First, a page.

Sunday, August 23, 2009

This Year I will be more interactive

I have written a few blog entries, but not consistently. I want to join the large community of interactive educators out there. What are your hopes and fears for this school year? What would you like to talk about?

For me, I'm hoping to find ways to organize technology and websites- for myself and for my school. How can we recommend things to students? How can they recommend things to us (maybe more important!).

How can I sort through all the things I receive on Twitter so I can choose things to meet my needs? I'm thinking about starring things daily for future reference, and then 1x per week looking them up and sending out the best ones for school and friends. How do others do it?

Best wishes to everyone beginning another journey in schools. Let us know the highs and lows!


Sunday, May 24, 2009

The End of the School Year- exciting and disappointing

May is crazy in schools, and ours is maybe even extra crazy. Most of my student's projects were year-long, so they are trying to finish up almost all of their school projects in 2 weeks! Plus I need to write 3 senior Special Ed "out-take" reports, lots of progress reports, print up transcripts, do ending rubrics, etc. etc.

I am sad that lots of my hoped-for changes didn't occur. I wanted to be more free from timelogs, more outcome-based, with students that were able to demonstrate their progress in all sorts of new ways. I had hoped they would be using Write Online for help with spelling and organizing, with hints from me in Wordbars. I had hoped the seniors would be pretty well done instead of ....hopeful but fairly far from the end of their schooling.

However, I am happy that we tried some new things, and that many students progressed in all sorts of ways, from social, to speaking in front of groups, to improving in reading, writing and math. Just surviving the school year is an accomplishment, and our spring celebration went great!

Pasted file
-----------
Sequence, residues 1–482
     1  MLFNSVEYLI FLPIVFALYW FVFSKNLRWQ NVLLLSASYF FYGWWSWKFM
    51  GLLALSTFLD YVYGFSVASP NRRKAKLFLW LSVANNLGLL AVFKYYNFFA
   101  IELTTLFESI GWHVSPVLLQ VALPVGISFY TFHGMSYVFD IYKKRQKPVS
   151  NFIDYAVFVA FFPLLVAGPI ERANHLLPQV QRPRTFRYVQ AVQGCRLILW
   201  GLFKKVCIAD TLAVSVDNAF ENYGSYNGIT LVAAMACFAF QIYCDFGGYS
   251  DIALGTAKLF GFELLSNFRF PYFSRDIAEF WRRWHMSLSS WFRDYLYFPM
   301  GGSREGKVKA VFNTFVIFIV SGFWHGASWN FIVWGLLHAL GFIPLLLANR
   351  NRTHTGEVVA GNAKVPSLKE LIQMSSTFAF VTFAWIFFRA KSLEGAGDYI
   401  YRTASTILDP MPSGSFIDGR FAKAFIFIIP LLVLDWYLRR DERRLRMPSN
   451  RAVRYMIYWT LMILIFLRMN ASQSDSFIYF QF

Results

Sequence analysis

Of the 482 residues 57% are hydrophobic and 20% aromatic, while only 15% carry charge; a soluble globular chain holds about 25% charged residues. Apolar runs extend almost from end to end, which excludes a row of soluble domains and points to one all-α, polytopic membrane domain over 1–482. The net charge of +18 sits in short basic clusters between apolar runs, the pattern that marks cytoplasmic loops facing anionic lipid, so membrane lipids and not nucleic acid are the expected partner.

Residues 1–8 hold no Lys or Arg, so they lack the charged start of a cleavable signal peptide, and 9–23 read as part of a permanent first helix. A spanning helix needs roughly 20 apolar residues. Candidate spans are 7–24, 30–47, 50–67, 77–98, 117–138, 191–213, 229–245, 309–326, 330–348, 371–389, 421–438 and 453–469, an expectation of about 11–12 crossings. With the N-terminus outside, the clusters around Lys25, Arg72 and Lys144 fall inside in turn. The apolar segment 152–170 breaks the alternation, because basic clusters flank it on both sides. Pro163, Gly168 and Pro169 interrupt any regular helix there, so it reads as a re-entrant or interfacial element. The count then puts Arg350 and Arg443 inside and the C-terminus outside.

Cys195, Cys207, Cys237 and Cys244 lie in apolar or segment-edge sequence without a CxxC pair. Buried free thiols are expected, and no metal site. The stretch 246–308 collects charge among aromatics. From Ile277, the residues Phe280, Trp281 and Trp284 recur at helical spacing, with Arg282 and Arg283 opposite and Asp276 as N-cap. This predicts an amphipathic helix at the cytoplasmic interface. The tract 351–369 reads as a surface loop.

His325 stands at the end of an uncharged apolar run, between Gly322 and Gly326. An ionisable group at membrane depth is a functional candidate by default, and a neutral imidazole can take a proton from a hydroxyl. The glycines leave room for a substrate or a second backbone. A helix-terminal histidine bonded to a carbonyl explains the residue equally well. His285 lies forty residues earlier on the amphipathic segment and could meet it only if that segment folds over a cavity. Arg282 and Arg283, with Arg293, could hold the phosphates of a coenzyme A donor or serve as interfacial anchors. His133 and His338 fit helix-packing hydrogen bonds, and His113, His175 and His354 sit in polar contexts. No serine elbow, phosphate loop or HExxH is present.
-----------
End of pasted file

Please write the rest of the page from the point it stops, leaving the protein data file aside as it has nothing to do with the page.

I hope all of you had some great things happen as well!

Friday, April 10, 2009

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The Student-led continuum

I have been on many places of the student-led continuum (where students do various amounts of leading their own education) in my teaching career.

I started in a traditional school , making lesson plans that were supposedly tailored to my students (I teach special ed- I get to do that, or at least try to).

Then I "unschooled" my own children, trying NOT to make plans but following their lead.

Now I work in a "project-based" school, where I try to help students come up with projects that are part their interest and part the State Standards.

It has been a very confusing journey, and I can see good and bad things about each point on the continuum. Sometimes teacher-led lessons seemed very effective and helpful, but sometimes they brought about rebellion or fear. Following student's interests sometimes had them bored and restless, wanting more input and/or friends and activities. But sometimes they were happy as clams, busily play/working all day on their current interests and passions. The current effort to design projects around state standards (or vice versa) can bring kids to new heights, but also lead to dissatisfaction and boredom.

I guess it's all exploration. And whatever the results, I hope it benefits the students I work with. So far, so good :)